Second term a real possibility September 19, 2014 1:08 am

WE must continue to be vigilant and be ready to work against any moves to allow President Benigno Aquino 3rd to have a second term as president.

Section 4, Article VII of our Constitution limits the President to a single six-year term. The Constitution was drafted and approved under the authority of President Aquino’s mother, the late President Corazon Aquino. She rejected attempts to give her more years as president.

It seems that Mr. Aquino and his men are really pursuing the possibility of extending his rule. This is apparent from the way the President keeps repeating the line that “he cannot ignore the will of his Bosses.”

The reasons he and his key allies in the Liberal Party and his closest associates in the Cabinet are bent on getting him to continue as president are, in a manner of speaking, a matter of life and death for them.

Politically, the Liberal Party is dead. This is because the people responsible for the gigantic instances of corruption and illegal and unconstitutional acts are among the LPs highest leaders, including President Aquino himself and Budget Secretary Florencio Abad. In addition, the biggest recipients of hundreds of millions and even billions of the illegal funds of the Disbursement Acceleration Program are the pet projects of Liberal Party top officers, again notably Secretary Abad.

Morally and legally, President Aquino, Secretary Abad and several of the Cabinet members will surely be charged–when Mr. Aquino ceases to be president–with having committed corrupt acts, violations of the Constitution and various laws of the land. For sure, if the next president were a member of the opposition party, he or she would have to do his or her duty and file cases against President Aquino, Secretary Abad et al.

In fact, even if the next president were a Liberal Party man, including DILG Secretary Mar Roxas or even Senate President Drilon, just for example, he cannot be guaranteed to ignore the clamor of the people to prosecute Mr. Aquino, Mr. Abad and whoever else were more actively guilty of corrupt acts and criminal negligence during their years in the Palace.

That will surely be the case. It happened to the corrupt rulers and power holders in other countries, like South Korea and Indonesia, to name two whose political histories are more familiar to more Filipinos than other countries.

Therefore, it becomes really imperative for President Aquino, Secretary Abad and their closest collaborators, that Mr. Aquino should succeed himself for a second term or even for life.

The Constitution has to be amended to make that possible. And right now some congressmen–despite Speaker Feliciano Belmonte’s announcements that he and the House leaders would only entertain proposed Charter amendments to make our country more attractive to foreign direct investors–are moving to repeal the Constitution’s term limits on the president and on legislators.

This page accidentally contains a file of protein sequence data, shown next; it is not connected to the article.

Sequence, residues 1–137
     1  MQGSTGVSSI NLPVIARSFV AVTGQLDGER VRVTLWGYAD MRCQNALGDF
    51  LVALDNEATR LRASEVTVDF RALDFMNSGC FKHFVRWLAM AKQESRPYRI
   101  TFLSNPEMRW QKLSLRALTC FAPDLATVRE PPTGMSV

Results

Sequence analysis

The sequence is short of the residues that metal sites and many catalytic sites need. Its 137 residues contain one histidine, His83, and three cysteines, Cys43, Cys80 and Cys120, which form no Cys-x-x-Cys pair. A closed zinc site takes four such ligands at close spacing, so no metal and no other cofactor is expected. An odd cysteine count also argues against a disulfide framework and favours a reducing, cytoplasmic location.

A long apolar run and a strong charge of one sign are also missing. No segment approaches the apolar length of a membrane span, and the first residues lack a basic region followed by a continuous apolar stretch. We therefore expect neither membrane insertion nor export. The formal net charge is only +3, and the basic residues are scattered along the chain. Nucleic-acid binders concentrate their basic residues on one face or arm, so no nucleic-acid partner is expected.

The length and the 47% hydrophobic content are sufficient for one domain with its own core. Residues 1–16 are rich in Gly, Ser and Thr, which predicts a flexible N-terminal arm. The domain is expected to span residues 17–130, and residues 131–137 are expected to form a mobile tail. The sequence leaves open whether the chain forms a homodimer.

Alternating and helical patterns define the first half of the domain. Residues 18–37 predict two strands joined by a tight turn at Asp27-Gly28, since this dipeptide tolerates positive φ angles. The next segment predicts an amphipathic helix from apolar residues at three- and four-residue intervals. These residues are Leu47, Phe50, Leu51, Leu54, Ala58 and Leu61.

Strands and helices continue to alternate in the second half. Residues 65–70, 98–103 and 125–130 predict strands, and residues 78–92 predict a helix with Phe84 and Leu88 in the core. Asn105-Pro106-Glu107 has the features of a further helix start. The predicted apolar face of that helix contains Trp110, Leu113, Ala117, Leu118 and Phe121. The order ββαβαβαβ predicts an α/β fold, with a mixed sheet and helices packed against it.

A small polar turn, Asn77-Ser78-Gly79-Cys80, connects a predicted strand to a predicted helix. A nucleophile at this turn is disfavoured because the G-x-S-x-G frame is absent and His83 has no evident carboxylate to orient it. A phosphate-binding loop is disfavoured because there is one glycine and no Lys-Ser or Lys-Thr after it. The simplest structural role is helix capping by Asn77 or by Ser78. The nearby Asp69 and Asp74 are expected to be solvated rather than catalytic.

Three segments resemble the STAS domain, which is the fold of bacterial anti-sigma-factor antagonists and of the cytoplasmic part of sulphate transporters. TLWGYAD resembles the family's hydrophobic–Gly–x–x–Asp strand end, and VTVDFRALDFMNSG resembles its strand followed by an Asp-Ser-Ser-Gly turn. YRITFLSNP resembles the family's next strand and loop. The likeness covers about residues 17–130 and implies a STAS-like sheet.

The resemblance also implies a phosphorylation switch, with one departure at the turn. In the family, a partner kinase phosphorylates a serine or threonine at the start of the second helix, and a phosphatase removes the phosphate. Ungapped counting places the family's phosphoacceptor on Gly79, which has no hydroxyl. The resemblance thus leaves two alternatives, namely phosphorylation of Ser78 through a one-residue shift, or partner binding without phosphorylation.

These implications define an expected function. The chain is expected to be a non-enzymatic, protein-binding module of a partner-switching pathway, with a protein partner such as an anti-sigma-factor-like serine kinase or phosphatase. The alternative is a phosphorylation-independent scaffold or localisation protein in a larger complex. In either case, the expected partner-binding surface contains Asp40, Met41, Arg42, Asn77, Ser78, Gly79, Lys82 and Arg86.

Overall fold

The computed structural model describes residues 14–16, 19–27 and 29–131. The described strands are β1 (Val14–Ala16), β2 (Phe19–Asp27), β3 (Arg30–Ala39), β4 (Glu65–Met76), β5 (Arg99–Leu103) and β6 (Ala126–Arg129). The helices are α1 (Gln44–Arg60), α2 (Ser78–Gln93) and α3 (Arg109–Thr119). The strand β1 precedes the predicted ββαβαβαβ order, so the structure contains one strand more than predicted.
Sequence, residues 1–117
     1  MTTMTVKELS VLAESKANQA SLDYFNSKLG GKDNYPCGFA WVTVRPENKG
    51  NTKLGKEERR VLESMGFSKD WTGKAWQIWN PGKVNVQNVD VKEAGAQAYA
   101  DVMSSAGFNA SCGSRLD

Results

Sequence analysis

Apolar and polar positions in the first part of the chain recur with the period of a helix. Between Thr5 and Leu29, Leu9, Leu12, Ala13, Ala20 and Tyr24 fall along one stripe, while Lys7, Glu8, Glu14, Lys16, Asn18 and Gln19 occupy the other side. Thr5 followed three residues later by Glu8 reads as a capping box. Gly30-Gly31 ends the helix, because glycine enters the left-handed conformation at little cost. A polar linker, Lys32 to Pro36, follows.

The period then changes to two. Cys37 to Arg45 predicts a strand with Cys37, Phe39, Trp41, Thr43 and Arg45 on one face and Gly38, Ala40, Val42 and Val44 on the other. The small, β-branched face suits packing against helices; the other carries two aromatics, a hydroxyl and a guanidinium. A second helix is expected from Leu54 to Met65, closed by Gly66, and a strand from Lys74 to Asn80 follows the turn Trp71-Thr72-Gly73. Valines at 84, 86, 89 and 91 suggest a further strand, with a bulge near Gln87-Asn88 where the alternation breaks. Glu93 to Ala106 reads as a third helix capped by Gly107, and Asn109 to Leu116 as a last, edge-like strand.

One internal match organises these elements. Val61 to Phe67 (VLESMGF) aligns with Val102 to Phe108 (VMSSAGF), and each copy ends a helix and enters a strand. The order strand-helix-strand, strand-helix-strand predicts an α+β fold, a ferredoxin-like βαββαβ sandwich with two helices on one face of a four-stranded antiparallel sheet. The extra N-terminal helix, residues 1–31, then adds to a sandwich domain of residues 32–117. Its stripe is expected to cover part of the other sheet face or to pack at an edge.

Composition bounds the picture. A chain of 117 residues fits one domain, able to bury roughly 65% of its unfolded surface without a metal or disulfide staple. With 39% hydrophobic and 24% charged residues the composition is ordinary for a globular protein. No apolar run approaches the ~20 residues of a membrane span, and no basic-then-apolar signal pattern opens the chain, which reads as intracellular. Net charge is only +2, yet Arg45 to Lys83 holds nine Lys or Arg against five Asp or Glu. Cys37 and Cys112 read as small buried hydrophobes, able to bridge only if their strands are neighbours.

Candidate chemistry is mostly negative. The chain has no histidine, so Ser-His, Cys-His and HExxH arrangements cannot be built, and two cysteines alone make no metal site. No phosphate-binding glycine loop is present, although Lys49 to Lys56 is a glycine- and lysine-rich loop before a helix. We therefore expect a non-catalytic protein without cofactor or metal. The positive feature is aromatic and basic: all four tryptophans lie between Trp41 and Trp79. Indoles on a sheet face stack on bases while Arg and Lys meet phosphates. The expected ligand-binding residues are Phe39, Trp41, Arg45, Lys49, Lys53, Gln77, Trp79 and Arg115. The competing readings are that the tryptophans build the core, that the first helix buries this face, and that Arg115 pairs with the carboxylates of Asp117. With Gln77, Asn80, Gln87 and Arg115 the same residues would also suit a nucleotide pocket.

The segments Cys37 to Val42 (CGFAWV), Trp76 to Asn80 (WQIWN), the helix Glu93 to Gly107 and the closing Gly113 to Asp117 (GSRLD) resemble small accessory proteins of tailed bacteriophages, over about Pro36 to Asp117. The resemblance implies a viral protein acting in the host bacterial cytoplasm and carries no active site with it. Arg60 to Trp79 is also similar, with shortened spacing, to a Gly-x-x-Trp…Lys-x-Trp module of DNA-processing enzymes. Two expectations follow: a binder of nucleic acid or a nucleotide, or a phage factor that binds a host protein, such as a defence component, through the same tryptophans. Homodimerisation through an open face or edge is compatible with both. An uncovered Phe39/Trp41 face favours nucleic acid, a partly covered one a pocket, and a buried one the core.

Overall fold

* In the recent Senate hearing about the proposed 2015 budget, when the budget for the Office of the President was being discussed, Senator Francis Escudero asked Executive Secretary Paquito Ochoa about the possibility of the President running for second term or extending his term. Secretary Ochoa replied by repeating Mr. Aquino’s often-heard words that he would “listen to his Bosses.”

Senator Escudero then asked: “How do we find out what his Bosses want? I mean, short of holding a referendum?”

Ochoa did not reply. Later, when reporters pressed him about Senator Escudero’s question, Mr. Ochoa said it was something that had not been discussed in detail. But he was sure “the President ha[d] something in his mind that he c[ould] clarify when he comes back from his trip abroad.”

Former senator Joker Arroyo’s warning

We wish to repeat the warning former senator Joker P. Arroyo, one of our country’s most honest public figures, sent us early this month.

“The numbers game will be a repeat of the Corona impeachment trial. That trial started with the eight Articles of Impeachment from the House and was cut down to three Articles in the end.

“It was a long drawn-out continuous trial, 4-1/2 months, not because the presentation of evidence on both sides was necessary but because the Senate leadership had to drag it out until they were sure they had mustered the 16 votes, necessary to satisfy the 2/3 vote.

“Once the 16 votes were achieved, the trial was speeded-up and concluded. Final score 20-3. Watch out.”

One Response to Second term a real possibility
Nick says:
September 19, 2014 at 12:15 pm

BS Aquino and his KKK cronies must be trembling at the thought that they will surely be prosecuted and jailed for corruption and abuse of power if an opposition candidate becomes President in 2016. So they are now plotting on how to amend the Constitution without triggering a People Power Revolution that will cut short their good times pigging out on PDAF, DAP, Malampaya funds and the unaudited P1 Trillion Presidential Pork.
Two weeks ago, BS Aquino swore that there won’t be a second term for him. But since Mar Roxas has no chance at all at winning the Presidency, the “Bosses”, in reality just the cronies and advisers of Aquino, are now considering fielding BS again as their candidate and make him win through hocus-pocus PCOS.
Filipinos should stay vigilant and reject the machinations of Belmonte that CHA CHA will be limited to economic amendments. Just say no to the LP’s tinkering of the Constitution. Stop the rape of our Constitution by BS Aquino and his gang of thieves.